Structure, organisations and key people
In 1901, statistics were collected by each state, for their individual use. While attempts were made to coordinate collections through an annual Conference of Statisticians, it was quickly realised that the fledgling nation would require a National Statistical Office to develop nationally comparable statistics. The Commonwealth Bureau of Census and Statistics (CBCS) was established under the Census and Statistics Act in 1905, with Sir George Knibbs appointed the first Commonwealth Statistician. Initially the Bureau was located in Melbourne and was attached to the Department of Home Affairs. In 1928 the Bureau was relocated to Canberra and in 1932 it moved to the Treasury portfolio.
Initially the states maintained their own Statistical Offices and worked together with the CBCS to produce national data. However some states found it difficult to resource a state statistical office to the level required for an adequate statistical service. In 1924 the Tasmanian Statistical Office transferred to the Commonwealth. Interestingly, four of the following six Commonwealth Statisticians appointed after that time, were Tasmanians. Unification of the state statistical offices with the CBCS was finally achieved in the late 1950s under the stewardship of Sir Stanley Carver, who was both NSW Statistician and Acting Commonwealth Statistician.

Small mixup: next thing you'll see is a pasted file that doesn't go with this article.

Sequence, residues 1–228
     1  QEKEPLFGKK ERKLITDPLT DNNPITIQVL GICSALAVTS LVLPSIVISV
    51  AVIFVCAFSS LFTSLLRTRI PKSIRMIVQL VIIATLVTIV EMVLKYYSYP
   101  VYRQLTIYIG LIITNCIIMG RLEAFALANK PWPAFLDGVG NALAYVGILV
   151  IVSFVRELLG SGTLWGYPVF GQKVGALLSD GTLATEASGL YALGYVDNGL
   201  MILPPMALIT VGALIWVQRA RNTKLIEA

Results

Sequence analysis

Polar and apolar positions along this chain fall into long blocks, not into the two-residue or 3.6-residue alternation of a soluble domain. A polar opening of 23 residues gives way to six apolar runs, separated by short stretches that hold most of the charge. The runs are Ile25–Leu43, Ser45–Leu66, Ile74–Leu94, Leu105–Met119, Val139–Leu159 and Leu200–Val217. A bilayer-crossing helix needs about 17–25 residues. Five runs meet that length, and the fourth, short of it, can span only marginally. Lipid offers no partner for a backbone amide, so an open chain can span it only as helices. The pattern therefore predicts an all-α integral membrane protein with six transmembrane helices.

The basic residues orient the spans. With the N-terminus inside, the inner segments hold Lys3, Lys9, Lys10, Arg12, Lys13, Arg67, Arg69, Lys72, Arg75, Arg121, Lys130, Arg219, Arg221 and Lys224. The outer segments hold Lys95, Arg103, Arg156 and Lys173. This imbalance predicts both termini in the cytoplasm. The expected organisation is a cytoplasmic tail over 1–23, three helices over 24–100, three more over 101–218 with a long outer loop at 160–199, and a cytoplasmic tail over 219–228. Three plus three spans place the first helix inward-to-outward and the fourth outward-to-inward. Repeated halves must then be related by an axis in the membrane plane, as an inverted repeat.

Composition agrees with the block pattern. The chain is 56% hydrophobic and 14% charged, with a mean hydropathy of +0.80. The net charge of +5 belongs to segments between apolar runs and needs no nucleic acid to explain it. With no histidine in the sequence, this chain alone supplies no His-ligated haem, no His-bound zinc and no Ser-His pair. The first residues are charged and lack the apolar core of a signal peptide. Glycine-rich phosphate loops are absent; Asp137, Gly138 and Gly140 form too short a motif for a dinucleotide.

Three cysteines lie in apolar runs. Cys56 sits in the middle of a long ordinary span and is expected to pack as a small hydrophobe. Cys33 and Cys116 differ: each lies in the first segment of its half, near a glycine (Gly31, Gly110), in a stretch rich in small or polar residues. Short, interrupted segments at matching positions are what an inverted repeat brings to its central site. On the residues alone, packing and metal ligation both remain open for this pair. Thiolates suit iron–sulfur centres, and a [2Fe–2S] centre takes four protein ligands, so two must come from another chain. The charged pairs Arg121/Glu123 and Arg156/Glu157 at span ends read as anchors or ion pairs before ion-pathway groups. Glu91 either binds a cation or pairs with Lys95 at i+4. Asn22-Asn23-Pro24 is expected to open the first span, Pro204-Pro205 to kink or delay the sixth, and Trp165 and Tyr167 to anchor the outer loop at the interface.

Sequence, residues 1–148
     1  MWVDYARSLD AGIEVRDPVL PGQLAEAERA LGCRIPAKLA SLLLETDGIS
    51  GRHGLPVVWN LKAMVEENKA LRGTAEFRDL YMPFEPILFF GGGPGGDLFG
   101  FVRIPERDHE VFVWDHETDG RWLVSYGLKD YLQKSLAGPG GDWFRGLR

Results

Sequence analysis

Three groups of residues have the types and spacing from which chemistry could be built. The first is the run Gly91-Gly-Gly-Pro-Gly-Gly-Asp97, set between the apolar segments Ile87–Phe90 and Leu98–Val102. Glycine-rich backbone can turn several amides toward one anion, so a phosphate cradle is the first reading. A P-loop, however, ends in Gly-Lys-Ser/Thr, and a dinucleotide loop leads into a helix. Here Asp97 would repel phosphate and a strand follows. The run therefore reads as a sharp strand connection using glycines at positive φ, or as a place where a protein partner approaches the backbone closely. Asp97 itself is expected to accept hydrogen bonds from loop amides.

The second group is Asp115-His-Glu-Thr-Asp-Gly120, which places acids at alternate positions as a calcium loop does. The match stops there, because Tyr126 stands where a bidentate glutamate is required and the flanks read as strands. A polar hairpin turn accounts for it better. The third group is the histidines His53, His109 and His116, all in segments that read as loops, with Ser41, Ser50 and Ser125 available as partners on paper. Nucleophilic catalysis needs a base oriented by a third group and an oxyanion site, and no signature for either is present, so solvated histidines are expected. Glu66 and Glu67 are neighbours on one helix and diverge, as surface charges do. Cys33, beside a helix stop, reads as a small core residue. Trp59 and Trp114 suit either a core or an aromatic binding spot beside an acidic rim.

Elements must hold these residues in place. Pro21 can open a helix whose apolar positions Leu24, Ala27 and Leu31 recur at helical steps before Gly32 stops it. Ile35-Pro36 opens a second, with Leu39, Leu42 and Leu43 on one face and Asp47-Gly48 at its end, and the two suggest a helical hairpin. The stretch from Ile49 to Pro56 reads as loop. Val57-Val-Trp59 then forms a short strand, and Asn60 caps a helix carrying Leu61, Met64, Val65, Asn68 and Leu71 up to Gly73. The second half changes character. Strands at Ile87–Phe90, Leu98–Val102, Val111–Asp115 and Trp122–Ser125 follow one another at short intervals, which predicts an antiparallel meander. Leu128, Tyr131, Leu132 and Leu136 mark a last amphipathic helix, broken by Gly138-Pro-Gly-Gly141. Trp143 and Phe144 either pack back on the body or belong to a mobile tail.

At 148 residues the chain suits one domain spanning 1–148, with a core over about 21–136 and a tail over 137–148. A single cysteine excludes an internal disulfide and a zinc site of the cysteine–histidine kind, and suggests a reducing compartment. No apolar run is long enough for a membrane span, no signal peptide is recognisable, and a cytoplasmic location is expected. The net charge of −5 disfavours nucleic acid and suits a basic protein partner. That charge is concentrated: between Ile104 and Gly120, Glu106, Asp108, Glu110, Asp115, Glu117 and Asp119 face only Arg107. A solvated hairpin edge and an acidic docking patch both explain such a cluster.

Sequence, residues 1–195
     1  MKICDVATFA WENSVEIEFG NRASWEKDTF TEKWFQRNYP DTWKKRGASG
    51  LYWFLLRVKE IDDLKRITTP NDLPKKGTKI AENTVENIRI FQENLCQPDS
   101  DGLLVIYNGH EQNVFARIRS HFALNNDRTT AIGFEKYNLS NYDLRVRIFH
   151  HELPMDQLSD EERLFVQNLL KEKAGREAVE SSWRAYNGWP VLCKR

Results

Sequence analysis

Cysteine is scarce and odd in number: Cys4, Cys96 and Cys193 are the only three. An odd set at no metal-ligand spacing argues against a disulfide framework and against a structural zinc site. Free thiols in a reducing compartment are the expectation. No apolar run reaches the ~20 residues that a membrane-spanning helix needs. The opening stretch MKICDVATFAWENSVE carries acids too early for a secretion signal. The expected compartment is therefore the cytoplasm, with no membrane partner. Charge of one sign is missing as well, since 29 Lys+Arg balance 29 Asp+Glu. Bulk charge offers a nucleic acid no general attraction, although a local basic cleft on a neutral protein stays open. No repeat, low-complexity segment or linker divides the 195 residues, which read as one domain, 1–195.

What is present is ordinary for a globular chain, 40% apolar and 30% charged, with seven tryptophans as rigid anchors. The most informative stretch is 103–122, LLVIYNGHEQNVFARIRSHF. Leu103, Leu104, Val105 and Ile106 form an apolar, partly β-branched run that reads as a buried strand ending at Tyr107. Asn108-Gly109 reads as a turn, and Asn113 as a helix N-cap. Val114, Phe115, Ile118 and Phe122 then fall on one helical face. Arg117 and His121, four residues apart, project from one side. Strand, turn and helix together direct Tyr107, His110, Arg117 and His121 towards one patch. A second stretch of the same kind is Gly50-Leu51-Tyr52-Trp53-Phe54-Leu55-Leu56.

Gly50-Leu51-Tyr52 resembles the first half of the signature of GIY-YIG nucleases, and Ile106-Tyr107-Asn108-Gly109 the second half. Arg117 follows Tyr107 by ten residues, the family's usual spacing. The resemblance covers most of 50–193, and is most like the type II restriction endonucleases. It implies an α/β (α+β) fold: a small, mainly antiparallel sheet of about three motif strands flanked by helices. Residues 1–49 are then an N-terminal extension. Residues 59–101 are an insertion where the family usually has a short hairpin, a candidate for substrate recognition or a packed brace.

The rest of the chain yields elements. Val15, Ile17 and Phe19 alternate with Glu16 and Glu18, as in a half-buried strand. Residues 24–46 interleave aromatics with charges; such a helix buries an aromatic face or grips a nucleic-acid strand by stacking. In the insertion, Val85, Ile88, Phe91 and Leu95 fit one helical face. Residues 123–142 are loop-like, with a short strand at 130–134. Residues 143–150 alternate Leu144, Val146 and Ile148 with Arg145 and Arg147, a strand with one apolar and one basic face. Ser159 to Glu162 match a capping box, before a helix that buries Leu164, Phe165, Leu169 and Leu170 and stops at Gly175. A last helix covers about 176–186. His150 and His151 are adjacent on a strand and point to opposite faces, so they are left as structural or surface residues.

In 1974, the CBCS was abolished and the Australian Bureau of Statistics (ABS) established in its place. The Australian Bureau of Statistics Act in 1975, established the ABS as a Statutory Authority headed by the Australian Statistician with the status of Permanent Head, responsible to the Treasurer.
Other key events which have shaped the development of statistics and the Australian Bureau of Statistics include:
The introduction of the cadet scheme in the late 1950s which produced employees uniquely suited to the Bureau's work.
The introduction of computers to the Bureau in the 1960s. This had a fundamental impact on the number and size of collections that it was now possible to undertake. It also allowed for more complicated statistical methods such as sample surveys.
The introduction of sampling methods to the Bureau allowed for less labour-intensive collections and thus paved the way for a greater number of statistical collections including more social statistics through household surveys.
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